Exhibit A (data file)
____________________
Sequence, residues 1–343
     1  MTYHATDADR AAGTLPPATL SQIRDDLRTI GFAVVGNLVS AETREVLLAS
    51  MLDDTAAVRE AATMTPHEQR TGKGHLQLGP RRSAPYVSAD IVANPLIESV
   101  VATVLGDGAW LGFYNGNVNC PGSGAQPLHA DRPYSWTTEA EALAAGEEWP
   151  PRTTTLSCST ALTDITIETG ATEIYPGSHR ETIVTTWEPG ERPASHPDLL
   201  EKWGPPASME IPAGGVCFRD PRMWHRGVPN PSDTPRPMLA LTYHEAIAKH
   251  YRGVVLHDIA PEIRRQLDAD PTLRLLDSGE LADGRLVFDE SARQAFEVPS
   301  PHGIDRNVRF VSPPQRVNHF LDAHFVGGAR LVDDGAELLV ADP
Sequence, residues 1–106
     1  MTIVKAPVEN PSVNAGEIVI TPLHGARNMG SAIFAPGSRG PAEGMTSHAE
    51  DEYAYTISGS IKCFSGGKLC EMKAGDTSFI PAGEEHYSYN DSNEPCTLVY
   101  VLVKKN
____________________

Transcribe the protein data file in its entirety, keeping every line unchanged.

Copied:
Sequence, residues 1–343
     1  MTYHATDADR AAGTLPPATL SQIRDDLRTI GFAVVGNLVS AETREVLLAS
    51  MLDDTAAVRE AATMTPHEQR TGKGHLQLGP RRSAPYVSAD IVANPLIESV
   101  VATVLGDGAW LGFYNGNVNC PGSGAQPLHA DRPYSWTTEA EALAAGEEWP
   151  PRTTTLSCST ALTDITIETG ATEIYPGSHR ETIVTTWEPG ERPASHPDLL
   201  EKWGPPASME IPAGGVCFRD PRMWHRGVPN PSDTPRPMLA LTYHEAIAKH
   251  YRGVVLHDIA PEIRRQLDAD PTLRLLDSGE LADGRLVFDE SARQAFEVPS
   301  PHGIDRNVRF VSPPQRVNHF LDAHFVGGAR LVDDGAELLV ADP
Sequence, residues 1–106
     1  MTIVKAPVEN PSVNAGEIVI TPLHGARNMG SAIFAPGSRG PAEGMTSHAE
    51  DEYAYTISGS IKCFSGGKLC EMKAGDTSFI PAGEEHYSYN DSNEPCTLVY
   101  VLVKKN